In 2012, researchers published a study claiming that green coffee bean extract could help people lose weight quickly and easily. The product was featured on The Dr. Oz Show, and the popularity of green coffee soared. It turns out the findings of that study were extremely flawed.
Update (10/23/2014): On Tuesday, The Dr. Oz Show released a statement regarding the retraction of the green coffee bean extract study.
"In prior seasons, we covered Green Coffee Extract and its potential as a useful tool for weight loss. Recently the authors of the peer reviewed research paper on which our coverage had been partially based formally retracted their study," the statement read. "While this sometimes happens in scientific research, it indicates that further study is needed regarding any potential benefits of Green Coffee Extract."
According to The Washington Post, the Dr. Oz website "has been entirely scrubbed of almost every mention of the green coffee extract, including the episode touting the product and the 'independent' experiment he and his show conducted to present their own evidence of the substance's weight-loss effects."
Joe Vinson and Bryan Burnham, two of the study's authors, have retracted the research because the sponsors of the study "cannot assure the validity of the data."
The study was sponsored by Applied Food Sciences, Inc. (AFS), a Texas-based company that sells a green coffee ingredient used in dietary supplements and foods.
The Federal Trade Commission (FTC) argued that AFS used the results of this flawed study to sell its green coffee product. According to the FTC, AFS made baseless claims about green coffee bean extract's ability to help people lose weight, and that retailers repeated those claims to sell their products to consumers.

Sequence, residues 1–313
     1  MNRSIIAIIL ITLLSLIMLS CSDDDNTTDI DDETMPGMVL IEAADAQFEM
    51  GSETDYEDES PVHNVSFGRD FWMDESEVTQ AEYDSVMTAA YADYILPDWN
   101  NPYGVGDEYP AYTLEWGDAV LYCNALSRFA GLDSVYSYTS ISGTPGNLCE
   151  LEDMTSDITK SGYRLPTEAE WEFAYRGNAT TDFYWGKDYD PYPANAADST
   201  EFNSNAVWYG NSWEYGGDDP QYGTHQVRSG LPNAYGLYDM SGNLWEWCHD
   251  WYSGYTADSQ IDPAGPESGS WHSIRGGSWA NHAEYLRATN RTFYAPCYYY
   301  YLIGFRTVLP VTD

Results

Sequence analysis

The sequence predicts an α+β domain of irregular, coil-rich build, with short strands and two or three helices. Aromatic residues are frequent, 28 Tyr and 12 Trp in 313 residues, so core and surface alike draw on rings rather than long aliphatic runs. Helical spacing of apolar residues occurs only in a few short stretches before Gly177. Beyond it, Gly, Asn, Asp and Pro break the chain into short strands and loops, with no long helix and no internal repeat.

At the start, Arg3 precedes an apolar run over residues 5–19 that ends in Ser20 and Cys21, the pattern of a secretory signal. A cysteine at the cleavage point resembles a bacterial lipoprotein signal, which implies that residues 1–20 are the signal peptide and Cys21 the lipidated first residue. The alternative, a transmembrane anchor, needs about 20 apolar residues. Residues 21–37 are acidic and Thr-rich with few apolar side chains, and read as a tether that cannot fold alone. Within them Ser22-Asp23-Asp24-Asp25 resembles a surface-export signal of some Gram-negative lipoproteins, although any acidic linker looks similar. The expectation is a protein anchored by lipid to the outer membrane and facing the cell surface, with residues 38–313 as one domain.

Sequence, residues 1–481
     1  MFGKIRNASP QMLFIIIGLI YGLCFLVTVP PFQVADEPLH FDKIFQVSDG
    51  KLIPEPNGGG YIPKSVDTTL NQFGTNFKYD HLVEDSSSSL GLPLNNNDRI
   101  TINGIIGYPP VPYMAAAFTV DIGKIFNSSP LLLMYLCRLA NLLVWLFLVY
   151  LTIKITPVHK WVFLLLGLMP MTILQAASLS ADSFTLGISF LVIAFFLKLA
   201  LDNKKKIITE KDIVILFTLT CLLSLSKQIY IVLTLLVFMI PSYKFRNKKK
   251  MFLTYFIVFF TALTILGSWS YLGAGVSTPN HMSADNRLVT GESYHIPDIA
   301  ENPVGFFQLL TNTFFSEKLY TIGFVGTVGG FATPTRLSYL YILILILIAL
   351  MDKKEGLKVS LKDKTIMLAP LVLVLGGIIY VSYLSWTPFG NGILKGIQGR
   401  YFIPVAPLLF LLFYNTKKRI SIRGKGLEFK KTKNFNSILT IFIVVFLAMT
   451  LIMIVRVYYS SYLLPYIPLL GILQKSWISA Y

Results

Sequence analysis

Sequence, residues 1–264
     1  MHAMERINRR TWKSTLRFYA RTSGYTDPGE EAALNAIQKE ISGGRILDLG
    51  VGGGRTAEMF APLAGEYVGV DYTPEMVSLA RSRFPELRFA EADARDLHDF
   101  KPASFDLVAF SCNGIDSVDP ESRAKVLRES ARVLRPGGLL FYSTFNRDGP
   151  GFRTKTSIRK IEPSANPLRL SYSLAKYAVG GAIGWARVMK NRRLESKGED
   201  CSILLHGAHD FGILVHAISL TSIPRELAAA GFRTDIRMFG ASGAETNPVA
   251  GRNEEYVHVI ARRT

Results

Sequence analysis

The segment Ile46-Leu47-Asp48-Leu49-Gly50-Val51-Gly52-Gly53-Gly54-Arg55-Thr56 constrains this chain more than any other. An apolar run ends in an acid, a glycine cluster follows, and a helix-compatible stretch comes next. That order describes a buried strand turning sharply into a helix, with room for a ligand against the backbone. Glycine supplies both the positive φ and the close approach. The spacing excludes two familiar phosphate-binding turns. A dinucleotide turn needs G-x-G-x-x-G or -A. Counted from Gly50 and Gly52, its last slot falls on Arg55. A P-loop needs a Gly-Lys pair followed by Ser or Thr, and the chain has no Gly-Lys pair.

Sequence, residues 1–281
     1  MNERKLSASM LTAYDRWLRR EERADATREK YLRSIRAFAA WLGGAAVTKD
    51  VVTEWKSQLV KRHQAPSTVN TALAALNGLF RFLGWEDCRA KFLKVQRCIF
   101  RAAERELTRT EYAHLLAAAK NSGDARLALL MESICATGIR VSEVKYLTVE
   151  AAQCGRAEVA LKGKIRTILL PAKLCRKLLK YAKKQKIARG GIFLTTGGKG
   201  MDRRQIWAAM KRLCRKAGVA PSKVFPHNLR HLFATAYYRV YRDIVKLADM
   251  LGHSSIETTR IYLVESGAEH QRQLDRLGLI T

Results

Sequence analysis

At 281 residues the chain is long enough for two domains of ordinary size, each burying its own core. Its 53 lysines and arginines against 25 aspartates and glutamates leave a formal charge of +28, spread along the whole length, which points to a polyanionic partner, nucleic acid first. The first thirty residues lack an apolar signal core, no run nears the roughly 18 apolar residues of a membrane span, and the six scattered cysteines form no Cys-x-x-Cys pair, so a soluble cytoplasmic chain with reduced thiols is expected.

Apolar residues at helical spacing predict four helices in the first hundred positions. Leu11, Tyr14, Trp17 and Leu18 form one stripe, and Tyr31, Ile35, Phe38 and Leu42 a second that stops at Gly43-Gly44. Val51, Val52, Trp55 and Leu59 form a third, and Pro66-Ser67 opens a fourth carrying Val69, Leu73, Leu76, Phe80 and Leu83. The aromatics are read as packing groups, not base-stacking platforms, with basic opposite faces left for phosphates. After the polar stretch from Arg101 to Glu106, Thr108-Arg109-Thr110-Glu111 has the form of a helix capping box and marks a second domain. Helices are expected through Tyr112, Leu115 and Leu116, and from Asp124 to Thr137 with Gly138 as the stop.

Last month, AFS settled the FTC charges. The company will pay $3.5 million. AFS is also required to have substantial scientific evidence to backup any future claims that its products have weight-loss abilities.
In a September press release, the FTC explained that AFS paid researchers in India to study whether a dietary supplement called Green Coffee Antioxidant (GCA) — which contains green coffee extract — could reduce body weight and body fat in overweight adults.
The FTC claimed that the lead researcher "repeatedly altered the weights and other key measurements of the subjects, changed the length of the trial, and misstated which subjects were taking the placebo [fake supplement] or GCA during the trial."
This lead researcher was not able to get the study published. So, according to the FTC, AFS hired University of Scranton researchers Vinson and Burnham to rewrite the study. Neither these researchers nor the company tried to verify the data used in the study, the FTC claimed.
"Despite the study's flaws, AFS used it to falsely claim that GCA caused consumers to lose 17.7 pounds, 10.5 percent of body weight, and 16 percent of body fat with or without diet and exercise, in 22 weeks," the FTC explained.
"Although AFS played no part in featuring its study on The Dr. Oz Show, it took advantage of the publicity afterwards by issuing a press release highlighting the show," the FTC said. "The release claimed that study subjects lost weight 'without diet or exercise,' even though subjects in the study were instructed to restrict their diet and increase their exercise."